Field Recruiting: Retail, hospitality and other employers with large physical footprints can also utilize text short codes to capitalize on walk-in applicants. Signage placed on doors, at the register, or elsewhere connects job seekers directly to the online job application forms and minimizes distractions for managers in the field.

SMS short codes are five- to six-digit numbers that are often paired with keywords for use in text recruiting (e.g. ‘Text JOBS to 12345’). You can utilize them on signage at job events to maximize ROI.

Best Practices For Text Recruitment

While mobile phones and texting have become ubiquitous tools in everyday life, it is important to realize that communication preferences vary from individual to individual. It’s also critical to recognize that the attributes that makes texting such a powerful recruiting tool – that it is direct, convenient and personal – are the same things that make observing best practices so important.

Secure Permission from Candidates: Text messages are governed by different laws and standards than email. Employers in the U.S. will want to consider how the Telephone Consumer Protection Act (TCPA) or similar laws such as the European Union regulations regarding electronic communications, namely the General Data Protection Regulation (GDPR), apply to different types of recruitment texting activity. Talent leaders should consult legal counsel and get comfortable with the ins and outs of the TCPA when formulating a text recruiting strategy and all related policies. Before you text candidates, you must first obtain express consent from the candidate and it must be easy for them to opt-out of communications. As a starting point, review your organization’s website and application process and add simple, clear language stating that phone numbers may be used to message applicants. The notice should be placed near the phone number entry field, rather than buried in a lengthy terms of service statement. Your privacy policy should also be updated.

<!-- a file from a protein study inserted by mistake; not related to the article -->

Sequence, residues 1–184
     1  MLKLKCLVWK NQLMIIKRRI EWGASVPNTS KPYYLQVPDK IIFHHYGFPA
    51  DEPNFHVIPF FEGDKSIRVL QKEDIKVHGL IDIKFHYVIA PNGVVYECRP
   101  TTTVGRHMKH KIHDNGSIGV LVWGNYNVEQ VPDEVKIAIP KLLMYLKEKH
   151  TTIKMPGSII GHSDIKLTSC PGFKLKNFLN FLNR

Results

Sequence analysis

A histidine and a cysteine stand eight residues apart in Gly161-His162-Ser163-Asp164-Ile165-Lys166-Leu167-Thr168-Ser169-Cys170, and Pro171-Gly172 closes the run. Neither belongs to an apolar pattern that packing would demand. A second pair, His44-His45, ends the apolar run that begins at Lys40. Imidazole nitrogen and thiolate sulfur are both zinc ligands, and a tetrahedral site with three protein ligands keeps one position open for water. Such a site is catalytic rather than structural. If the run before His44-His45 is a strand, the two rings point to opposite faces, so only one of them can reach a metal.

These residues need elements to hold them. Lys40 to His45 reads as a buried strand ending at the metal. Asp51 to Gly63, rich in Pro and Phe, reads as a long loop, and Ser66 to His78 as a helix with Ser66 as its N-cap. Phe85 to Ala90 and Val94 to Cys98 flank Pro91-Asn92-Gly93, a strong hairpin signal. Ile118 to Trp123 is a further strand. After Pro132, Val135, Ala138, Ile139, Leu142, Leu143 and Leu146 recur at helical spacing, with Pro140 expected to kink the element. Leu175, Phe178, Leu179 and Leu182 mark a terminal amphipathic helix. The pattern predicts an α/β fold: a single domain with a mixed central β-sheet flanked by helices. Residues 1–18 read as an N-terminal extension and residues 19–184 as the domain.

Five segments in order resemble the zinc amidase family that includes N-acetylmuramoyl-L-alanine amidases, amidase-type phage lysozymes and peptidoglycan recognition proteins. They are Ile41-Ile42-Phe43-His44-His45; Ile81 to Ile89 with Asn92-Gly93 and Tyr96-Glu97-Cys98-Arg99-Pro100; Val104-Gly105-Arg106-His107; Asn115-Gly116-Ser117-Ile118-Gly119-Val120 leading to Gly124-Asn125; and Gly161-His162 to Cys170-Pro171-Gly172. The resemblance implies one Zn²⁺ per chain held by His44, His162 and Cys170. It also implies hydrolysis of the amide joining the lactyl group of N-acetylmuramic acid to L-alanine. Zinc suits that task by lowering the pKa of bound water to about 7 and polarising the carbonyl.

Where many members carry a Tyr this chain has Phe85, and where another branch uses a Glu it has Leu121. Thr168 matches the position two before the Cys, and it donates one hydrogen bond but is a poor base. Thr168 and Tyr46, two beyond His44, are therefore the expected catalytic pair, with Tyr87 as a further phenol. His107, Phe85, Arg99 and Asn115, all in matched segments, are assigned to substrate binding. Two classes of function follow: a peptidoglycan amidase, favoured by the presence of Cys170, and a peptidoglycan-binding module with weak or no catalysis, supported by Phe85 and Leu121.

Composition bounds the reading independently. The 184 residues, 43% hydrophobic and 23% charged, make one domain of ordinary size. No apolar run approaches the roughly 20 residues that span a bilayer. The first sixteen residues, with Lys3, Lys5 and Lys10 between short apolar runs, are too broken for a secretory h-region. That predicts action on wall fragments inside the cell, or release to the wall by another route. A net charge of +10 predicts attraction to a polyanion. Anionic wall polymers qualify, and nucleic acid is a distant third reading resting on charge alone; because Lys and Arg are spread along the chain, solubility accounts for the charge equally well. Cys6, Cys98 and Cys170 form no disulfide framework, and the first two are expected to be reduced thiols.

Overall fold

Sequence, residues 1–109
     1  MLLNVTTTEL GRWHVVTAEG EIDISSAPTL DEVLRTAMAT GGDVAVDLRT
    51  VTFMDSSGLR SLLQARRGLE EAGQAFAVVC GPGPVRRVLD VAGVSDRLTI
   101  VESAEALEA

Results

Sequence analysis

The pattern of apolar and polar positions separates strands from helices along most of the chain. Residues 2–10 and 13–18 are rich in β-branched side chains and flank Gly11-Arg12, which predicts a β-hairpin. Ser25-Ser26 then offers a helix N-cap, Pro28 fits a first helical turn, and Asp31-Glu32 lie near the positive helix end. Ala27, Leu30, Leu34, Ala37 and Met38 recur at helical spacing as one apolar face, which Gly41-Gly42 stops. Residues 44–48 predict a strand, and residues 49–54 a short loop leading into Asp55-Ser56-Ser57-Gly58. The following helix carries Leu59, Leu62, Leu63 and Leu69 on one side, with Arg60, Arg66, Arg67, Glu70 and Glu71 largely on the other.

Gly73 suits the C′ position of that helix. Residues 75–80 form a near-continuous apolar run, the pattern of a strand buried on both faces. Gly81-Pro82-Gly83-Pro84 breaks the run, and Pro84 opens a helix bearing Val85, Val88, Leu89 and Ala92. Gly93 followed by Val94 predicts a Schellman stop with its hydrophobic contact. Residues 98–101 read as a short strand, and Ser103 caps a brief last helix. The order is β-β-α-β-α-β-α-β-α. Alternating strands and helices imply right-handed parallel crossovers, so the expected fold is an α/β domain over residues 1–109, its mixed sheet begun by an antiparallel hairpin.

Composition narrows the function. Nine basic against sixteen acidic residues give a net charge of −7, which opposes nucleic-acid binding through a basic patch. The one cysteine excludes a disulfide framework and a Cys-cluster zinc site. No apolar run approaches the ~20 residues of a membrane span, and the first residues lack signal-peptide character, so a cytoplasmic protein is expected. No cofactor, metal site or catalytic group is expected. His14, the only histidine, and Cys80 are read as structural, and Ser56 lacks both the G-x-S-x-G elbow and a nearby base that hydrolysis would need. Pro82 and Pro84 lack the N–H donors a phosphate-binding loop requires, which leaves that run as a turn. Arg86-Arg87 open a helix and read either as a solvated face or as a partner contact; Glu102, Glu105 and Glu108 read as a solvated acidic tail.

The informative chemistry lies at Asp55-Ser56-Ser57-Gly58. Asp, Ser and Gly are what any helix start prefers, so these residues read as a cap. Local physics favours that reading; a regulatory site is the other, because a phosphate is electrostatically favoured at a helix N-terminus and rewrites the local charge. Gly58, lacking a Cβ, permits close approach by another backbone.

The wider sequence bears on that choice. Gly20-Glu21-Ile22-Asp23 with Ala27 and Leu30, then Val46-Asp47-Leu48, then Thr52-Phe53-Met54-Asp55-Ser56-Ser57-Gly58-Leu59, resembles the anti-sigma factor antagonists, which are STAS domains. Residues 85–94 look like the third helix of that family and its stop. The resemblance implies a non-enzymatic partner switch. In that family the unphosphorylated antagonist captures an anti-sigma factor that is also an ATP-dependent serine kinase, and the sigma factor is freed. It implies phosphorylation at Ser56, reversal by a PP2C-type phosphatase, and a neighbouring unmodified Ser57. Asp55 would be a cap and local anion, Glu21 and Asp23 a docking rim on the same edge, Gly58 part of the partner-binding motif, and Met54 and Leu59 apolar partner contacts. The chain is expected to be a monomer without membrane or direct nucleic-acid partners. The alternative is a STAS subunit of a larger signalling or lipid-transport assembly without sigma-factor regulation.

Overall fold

Consider Compliance Requirements: Even if your organization does not have a text recruitment platform, chances are that some recruiters are using personal devices to communicate with candidates via text. While this may produce positive results, it places you at greater compliance risk because there is no centralized record of communications. Using personal devices, or even dedicated company devices, also makes it difficult to exercise effective oversight to ensure that organizational guidelines are followed. Text messaging activity is increasingly likely to be included in compliance audits, so make sure your bases are covered. Follow all of the same protocols – business and legal – that you would in writing, email or telephone conversations.